mexico rural

fox mulder checks into a hotel in rural new mexico on the hunt for another mysterious x file

“name?” asks the woman at the front counter

“juan,” he replies, “juan tubeleve”

flickr

Looking East at Sunset by Colleen Gino
Central New Mexico

I am the daughter of immigrants

We aren’t who he says we are.

We came to this country to look for a better life, because opportunities in our home countries weren’t good. My dad was born in an adobe home in rural Mexico with no lights, air conditioning, or a door. My mom lived the first few years of her life in a house made of broken pieces of wood, cardboard, and glue. They were brought to America because there was nothing left for them in Mexico. No chances, no opportunities.

But in America, there were opportunities. For my dad’s family, there were open jobs for farmhands. For my mom’s family, jobs in canned food factories. Jobs that were quickly becoming unpopular as more and more Americans started going to college and moving up the status line. So my grandparents on both sides, and my parents, filled up the blue collar jobs.

For the first time, my parents could receive Christmas gifts. For the first time, my parents could afford food, clothes, and toys. For the first time, my parents got to experience electricity. For the first time, my parents could go to school, college.

These are things I grew up from birth, I’ve never known any other life. I’ve always lived happy and comfortably. But still my parents always remind me of the life they came from, and where my grandparents came from. America is not a perfect nation, but it offers so many blessings that most Americans take for granted. People around the world dream of those blessings, and that’s why they come.

Mr. Trump, don’t take our blessings away.

2

Pieper M1893 Revolving Carbine, Mexican contract.

Manufactured in Belgium for the Mexican Rurales, serial number 112.
9-shots cylinder, 8x50mmR Pieper caliber.

The Pieper revolving carbine, unlike any other of this kind - usually spelling their uselessness, used the same gas-seal system as the Nagant M1895 revolver designed in 1886. The 8mm cartridge’s brass was very long, encompassing the whole of the bullet, and the cylinder pushed it forward on firing, creating a sealed bridge with the barrel when it expended. This allowed the fitting of a suppressor on the handgun and the use of a front grip on the carbine.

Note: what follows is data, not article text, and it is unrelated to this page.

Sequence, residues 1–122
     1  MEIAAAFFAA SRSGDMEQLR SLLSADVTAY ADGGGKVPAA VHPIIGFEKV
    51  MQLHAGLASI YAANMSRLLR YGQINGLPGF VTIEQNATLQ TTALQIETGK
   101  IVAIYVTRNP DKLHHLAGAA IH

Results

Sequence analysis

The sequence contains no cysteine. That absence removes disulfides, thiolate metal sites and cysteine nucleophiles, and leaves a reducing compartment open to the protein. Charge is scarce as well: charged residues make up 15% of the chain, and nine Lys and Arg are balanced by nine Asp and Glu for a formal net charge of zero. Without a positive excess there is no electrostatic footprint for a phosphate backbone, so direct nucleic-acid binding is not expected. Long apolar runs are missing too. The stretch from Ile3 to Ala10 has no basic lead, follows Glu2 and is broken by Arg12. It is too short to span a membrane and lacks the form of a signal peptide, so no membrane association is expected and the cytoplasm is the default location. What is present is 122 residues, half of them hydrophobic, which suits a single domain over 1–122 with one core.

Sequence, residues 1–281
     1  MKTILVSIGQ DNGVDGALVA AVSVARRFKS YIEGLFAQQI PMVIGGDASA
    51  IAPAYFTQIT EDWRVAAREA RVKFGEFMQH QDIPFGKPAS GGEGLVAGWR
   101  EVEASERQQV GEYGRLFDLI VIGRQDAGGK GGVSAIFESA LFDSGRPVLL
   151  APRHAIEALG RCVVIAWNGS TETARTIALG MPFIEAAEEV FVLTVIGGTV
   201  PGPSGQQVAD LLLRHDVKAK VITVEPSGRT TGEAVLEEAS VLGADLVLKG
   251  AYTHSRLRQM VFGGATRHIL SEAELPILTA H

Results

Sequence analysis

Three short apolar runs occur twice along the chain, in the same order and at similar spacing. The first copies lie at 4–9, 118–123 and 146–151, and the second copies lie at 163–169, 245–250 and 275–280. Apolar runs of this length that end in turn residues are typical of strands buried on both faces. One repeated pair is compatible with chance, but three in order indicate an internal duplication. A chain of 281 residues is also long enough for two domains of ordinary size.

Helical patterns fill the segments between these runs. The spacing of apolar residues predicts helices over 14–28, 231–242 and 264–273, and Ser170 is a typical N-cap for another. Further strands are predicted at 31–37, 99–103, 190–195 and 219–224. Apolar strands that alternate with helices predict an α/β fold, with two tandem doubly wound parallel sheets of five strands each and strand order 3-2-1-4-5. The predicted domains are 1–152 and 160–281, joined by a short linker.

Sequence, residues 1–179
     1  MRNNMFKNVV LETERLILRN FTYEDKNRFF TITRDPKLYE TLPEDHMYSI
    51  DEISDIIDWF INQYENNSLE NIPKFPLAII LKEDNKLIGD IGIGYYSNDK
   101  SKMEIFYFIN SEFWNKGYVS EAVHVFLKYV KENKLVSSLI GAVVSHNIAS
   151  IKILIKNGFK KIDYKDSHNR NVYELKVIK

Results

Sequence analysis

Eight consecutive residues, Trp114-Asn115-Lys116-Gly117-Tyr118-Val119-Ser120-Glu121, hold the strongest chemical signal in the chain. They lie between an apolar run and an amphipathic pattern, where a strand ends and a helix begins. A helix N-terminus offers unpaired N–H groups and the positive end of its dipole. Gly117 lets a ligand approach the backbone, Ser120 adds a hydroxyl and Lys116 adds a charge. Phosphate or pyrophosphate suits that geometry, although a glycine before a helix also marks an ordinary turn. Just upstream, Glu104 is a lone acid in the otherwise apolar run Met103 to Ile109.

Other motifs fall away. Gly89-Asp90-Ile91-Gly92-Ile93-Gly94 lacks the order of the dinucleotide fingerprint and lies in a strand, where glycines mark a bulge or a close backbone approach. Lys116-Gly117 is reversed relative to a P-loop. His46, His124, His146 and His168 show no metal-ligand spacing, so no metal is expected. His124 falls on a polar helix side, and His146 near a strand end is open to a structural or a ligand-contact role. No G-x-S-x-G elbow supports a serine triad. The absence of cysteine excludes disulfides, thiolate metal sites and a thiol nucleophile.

flickr

Quarai Ruins by Colleen Ginoin New Mexico
Via Flickr:
160903

Among the most peculiar of all electronic releases this year was American Drift by Elysia Crampton, an artist with roots in Bolivia, Mexico, California, and rural Virginia. All figure into the dense and cryptic mythology at play in an album that mixes drifting synths with lashing laser sounds, rumbling drums, snarling crunk samples, and spoken word that binds the personal with the geographical. The impressionistic swirl of it all is singular, to be sure, but Crampton shares allegiances with much else in her milieu. She works closely with Juliana Huxtable—she made the music for a recent performance of Huxtable’s at the estimable Museum of Modern Art—and she professes adulation of Total Freedom/Ashland Mines, who she sees as an envoy for so much going on in club culture now.

For Crampton, matters related to her transgender identity are mystical as much as material. “I can’t confront and explore my own trans-ness without touching on a bigger trans-ness: trans-humanity, trans-thing, trans-subject, trans-etc.,” she told me. “It’s a kind of education. Terms float as taglines and become embedded. But it’s neat how algorithms push you together with other artists too.”

Music, for her, allows and even creates space in which different states of being and becoming can be as accepted as any other. “In this language, a person can’t come to be because the language is so binary,” Crampton said. “Or maybe they can but it makes it that much harder. In music, you make a dimensional space where certain identities and certain ideas can be born and perhaps thrive. Music has always been that for me. When it plays, you can feel your chemistry changing. If it’s something you really like, it’s like gene methylation—you can feel a genetic change.”

The motion and progress implied in music of whatever kind—electronic music especially—makes a good analog for transition as she conceives of it too.

“Trans is becoming. Trans is the difference between the universe being frozen and the universe moving forward,” she said. “Do we still have the ability to imagine alternate futures for ourselves? Or have we all just become apocalyptic?”

Andy Battaglia. “Heavenly Bodies: How Electronic Music Transgressed Gender And Genre In 2015.″ NPR Music.